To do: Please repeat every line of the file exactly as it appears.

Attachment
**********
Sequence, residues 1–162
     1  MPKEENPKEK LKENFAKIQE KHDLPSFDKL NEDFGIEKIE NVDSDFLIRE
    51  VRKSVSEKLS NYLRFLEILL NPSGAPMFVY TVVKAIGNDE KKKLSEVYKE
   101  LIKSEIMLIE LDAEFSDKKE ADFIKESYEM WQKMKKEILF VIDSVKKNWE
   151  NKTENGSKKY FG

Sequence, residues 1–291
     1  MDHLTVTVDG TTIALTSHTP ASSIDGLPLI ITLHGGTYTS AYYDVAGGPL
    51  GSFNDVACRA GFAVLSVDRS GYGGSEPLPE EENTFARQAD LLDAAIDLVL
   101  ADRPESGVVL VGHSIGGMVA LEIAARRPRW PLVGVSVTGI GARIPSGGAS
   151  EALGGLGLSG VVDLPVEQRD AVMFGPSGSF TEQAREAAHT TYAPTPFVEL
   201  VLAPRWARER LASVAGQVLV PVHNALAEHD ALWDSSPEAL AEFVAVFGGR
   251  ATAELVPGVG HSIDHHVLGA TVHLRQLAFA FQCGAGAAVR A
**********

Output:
Sequence, residues 1–162
     1  MPKEENPKEK LKENFAKIQE KHDLPSFDKL NEDFGIEKIE NVDSDFLIRE
    51  VRKSVSEKLS NYLRFLEILL NPSGAPMFVY TVVKAIGNDE KKKLSEVYKE
   101  LIKSEIMLIE LDAEFSDKKE ADFIKESYEM WQKMKKEILF VIDSVKKNWE
   151  NKTENGSKKY FG

Sequence, residues 1–291
     1  MDHLTVTVDG TTIALTSHTP ASSIDGLPLI ITLHGGTYTS AYYDVAGGPL
    51  GSFNDVACRA GFAVLSVDRS GYGGSEPLPE EENTFARQAD LLDAAIDLVL
   101  ADRPESGVVL VGHSIGGMVA LEIAARRPRW PLVGVSVTGI GARIPSGGAS
   151  EALGGLGLSG VVDLPVEQRD AVMFGPSGSF TEQAREAAHT TYAPTPFVEL
   201  VLAPRWARER LASVAGQVLV PVHNALAEHD ALWDSSPEAL AEFVAVFGGR
   251  ATAELVPGVG HSIDHHVLGA TVHLRQLAFA FQCGAGAAVR A